U.S. Supreme Court
Bart v. United States, 349 U.S. 219 (1955)
Bart v. United States
Argued April 5, 1955
Decided May 23, 1955
349 U.S. 219
1. Summoned to testify before a congressional investigating committee, petitioner refused to answer certain questions on the ground of his constitutional privilege against self-incrimination. The committee did not specifically overrule his objection or direct him to answer.
Held: in his trial for a violation of 2 U.S.C. § 192, the District Court should have entered a judgment of acquittal, because the committee had failed to lay the necessary foundation for a prosecution under § 192. Quinn v. United States, ante, p. 349 U. S. 155. Pp. 349 U. S. 219-223.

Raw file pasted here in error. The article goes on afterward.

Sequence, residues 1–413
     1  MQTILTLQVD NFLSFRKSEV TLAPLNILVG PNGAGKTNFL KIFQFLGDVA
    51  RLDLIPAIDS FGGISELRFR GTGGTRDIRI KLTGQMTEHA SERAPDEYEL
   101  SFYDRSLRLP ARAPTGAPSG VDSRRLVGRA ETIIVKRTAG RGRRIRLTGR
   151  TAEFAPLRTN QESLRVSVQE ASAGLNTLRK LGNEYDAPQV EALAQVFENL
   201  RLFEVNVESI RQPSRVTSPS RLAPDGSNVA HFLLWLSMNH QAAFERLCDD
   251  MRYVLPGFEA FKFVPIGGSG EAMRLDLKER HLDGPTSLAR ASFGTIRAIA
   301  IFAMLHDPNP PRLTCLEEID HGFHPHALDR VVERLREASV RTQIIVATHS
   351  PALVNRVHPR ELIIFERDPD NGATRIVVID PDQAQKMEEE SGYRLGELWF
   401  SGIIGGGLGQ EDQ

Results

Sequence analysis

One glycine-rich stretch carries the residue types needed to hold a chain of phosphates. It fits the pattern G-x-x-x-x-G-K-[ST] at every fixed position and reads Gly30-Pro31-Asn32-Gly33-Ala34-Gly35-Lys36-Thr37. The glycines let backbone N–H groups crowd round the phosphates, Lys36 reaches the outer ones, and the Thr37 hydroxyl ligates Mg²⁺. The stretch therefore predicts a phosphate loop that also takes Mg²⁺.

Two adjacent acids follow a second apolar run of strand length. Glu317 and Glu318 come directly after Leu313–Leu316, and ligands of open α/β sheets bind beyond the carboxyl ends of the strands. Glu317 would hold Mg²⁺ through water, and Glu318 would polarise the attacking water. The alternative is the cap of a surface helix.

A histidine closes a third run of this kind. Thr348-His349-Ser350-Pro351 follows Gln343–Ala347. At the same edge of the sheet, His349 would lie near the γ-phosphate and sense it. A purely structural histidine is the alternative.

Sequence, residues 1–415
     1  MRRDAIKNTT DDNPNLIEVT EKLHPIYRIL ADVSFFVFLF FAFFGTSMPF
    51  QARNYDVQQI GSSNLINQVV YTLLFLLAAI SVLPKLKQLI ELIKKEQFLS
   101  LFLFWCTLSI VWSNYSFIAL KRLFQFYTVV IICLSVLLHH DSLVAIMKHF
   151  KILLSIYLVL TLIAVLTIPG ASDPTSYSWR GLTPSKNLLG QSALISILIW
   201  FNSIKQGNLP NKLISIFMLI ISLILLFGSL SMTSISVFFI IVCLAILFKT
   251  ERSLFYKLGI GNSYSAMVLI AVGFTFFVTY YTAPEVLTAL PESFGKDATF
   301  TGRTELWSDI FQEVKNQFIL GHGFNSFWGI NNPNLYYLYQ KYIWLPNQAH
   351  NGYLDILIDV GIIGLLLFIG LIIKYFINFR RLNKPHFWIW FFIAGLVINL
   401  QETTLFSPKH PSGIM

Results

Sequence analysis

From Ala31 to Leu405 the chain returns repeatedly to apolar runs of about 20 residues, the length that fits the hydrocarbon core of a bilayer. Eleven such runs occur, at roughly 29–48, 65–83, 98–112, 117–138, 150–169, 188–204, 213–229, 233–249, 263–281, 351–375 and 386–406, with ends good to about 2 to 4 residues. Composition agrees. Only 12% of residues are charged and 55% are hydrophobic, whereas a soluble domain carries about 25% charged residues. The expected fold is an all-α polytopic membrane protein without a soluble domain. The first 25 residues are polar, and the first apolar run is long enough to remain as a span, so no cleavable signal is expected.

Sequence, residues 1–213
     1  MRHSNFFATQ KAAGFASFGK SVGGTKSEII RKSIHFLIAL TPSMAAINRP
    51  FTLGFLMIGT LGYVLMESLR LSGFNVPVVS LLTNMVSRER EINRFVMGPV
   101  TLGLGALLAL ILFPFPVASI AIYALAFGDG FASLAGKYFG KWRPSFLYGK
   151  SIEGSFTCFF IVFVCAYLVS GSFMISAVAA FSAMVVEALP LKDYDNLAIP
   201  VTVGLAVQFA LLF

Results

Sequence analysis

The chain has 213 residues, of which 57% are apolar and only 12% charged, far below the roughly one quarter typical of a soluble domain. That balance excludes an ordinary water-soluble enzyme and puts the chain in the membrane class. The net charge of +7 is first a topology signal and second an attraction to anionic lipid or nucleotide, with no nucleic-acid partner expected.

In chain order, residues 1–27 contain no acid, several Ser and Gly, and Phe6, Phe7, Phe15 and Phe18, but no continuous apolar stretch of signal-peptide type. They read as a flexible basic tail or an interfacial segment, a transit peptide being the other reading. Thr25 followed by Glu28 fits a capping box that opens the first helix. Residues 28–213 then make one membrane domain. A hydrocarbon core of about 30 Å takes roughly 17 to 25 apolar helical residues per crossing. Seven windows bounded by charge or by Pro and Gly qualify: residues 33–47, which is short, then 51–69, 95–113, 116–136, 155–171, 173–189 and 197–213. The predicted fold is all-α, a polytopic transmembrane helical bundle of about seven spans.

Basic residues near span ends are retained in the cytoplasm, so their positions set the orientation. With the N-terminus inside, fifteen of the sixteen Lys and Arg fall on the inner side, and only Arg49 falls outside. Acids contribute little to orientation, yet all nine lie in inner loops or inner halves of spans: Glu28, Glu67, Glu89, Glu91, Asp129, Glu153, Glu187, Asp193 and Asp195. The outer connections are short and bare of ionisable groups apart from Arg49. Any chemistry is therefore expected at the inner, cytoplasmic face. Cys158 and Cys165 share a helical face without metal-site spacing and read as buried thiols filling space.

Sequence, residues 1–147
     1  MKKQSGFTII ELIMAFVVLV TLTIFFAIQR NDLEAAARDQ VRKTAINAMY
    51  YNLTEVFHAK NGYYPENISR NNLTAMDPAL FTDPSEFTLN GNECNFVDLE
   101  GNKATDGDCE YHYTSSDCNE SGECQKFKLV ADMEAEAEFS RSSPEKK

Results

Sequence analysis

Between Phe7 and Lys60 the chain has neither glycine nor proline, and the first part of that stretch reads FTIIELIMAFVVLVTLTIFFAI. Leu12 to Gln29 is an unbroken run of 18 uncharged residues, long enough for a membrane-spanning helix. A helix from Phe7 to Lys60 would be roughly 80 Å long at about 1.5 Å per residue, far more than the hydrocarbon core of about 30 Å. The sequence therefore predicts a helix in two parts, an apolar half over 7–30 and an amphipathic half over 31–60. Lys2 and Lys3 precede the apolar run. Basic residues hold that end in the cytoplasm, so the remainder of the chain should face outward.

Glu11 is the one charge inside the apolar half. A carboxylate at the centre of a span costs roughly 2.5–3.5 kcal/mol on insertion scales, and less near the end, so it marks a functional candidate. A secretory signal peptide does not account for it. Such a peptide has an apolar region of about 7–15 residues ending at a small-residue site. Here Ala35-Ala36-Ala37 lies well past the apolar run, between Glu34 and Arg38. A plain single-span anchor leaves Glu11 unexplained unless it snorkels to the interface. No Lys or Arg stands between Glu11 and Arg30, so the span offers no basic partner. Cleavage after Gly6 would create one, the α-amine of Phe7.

2. The requirement of criminal intent not having been satisfied at the time of the hearing, it could not be satisfied nunc pro tunc by abandonment of petitioner's objection two and a half years later on an appeal from his conviction for a violation of 2 U.S.C. § 192. Pp. 349 U. S. 221-222.
91 U.S.App.D.C. 370, 203 F.2d 45, reversed.